Formal implementation knowledge and evidence, applied in practice, gives us a bridge across the gap from ideas to outcomes. This can help avoid waste and can accelerate impact. Yet in our experience, surprisingly few organisations (or funders) have thought about how this learning can be blended with existing experience to support effectiveness and sustainment of new initiatives. Still fewer have taken steps to employ implementation (not management) professionals to stand shoulder to shoulder with providers to use this learning for support and troubleshooting in real time.


The implementation sciences are centrally concerned with sustainability. Over time, a combination of careful independent, interdisciplinary and multi-method research blended with practice wisdom acquired in the course of ‘doing’ social change are clarifying the principles of lasting effectiveness across widely varying contexts and sectors. These principles are critically relevant to the SDGs, as they are to any social change effort, and are also deeply salient for anyone advising or supporting impact investors. Drawing from health and social sciences, community development, environmental sciences, psychology, economics, behavioural science, complexity and systems science, and from business and management studies, they can provide the solid foundations to buttress investment and innovation.

For example, some of the insights talked about most at the moment include:

  • The importance of systems thinking at all times. ISP is helping us to think about the outer context for social change initiatives, how it can block or enable success, and how it can be leveraged for impact.

  • Understanding that implementation is a complex process, not a single event. ISP has clarified the stages that characterise the typical trajectory of change initiatives. It has emphasised how the stages are recursive, how interactions and emergence in complex systems affect planning and management, and is refining tools for rapid cycle testing to help keep up forward momentum.

  • Co-create and co-design wherever possible, and privilege local cultural, social and political intelligence at all times. That innovation can go against the grain or disturb existing patterns, but this has to be done intelligently, sensitively and with preparedness to go back to the drawing board if things start to falter badly. Humility is the watchword.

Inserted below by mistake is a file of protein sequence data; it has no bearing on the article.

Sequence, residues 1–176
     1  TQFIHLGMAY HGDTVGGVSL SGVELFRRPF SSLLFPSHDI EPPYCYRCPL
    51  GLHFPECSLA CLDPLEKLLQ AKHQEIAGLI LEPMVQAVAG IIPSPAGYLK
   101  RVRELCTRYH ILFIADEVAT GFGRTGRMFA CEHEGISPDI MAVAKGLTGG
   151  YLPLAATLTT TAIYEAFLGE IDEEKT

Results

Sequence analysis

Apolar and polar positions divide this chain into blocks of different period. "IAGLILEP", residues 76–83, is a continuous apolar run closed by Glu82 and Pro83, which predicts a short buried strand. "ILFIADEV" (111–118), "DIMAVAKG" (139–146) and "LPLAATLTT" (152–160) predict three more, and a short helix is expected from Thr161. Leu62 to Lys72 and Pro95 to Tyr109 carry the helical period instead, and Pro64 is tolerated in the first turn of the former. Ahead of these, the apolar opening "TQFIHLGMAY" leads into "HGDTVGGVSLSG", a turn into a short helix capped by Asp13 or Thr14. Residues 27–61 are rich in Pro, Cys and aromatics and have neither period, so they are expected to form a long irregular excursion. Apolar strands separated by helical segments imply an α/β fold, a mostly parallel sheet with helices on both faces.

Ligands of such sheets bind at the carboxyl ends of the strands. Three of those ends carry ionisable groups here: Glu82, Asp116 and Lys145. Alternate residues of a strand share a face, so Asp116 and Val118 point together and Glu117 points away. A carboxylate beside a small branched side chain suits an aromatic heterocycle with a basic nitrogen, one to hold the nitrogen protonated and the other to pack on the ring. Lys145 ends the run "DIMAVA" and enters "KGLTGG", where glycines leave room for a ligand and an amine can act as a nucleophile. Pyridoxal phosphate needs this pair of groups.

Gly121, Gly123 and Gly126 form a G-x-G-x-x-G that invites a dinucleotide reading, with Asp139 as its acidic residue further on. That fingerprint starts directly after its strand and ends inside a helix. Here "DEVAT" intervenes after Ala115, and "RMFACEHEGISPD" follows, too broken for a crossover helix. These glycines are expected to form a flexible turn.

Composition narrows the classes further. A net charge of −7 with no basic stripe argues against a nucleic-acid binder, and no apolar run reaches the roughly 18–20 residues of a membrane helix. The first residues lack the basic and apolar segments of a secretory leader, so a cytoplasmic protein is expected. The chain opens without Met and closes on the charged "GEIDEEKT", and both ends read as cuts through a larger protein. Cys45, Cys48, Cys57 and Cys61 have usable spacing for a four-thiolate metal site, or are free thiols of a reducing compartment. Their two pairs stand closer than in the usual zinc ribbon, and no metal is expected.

• Observe and test repeatedly, throughout the process, even when resources are tight, and use data intelligently. Measure implementation outcomes (what’s changed in systems, organisations and teams) as well as outcomes for beneficiaries so that whether ‘it’ works or not, we’ll understand why.

  • And perhaps most importantly, the vital importance of supporting the implementation process with more than money. Effective implementation needs active, sleeves-rolled-up support from people on the ground who both understand implementation evidence and principles, and who know the work in hand. For change initiatives at scale, the gold standard must be training up such teams at the local level. Not only can they provide that magic ingredient that makes change happen, but when they move on, they take those skills and apply them in new roles and new initiatives, building local capacity.


Of course, there is much more to be said. Implementation studies and their findings have proliferated in the past decade and cover a huge range of factors that influence the effectiveness of programmes. There are now numerous frameworks and models, although still a relatively small supply of those trained active support professionals we’d like to see spread through every system in every country. For that, the field of ISP itself needs more investment.

Implementation insights help us understand why well-intentioned and well-resourced change initiatives misfire. They help us to be more explicit about what goes on in the black box of a complex social change process. Paying attention to ISP when investing effort or funds in any kind of social change initiative is the scientific equivalent of financial or legal due diligence – without it, claims to future effectiveness and sustainability are just claims. At the UK Implementation Society, we’d like an 18th SDG to be added to the list: Effective, evidence-informed implementation for every new initiative.

Published in Philanthropy Impact Magazine - Summer 2021

© UK Implementation Society, 2021

All views expressed are the author's own and not those of The UK Implementation Society.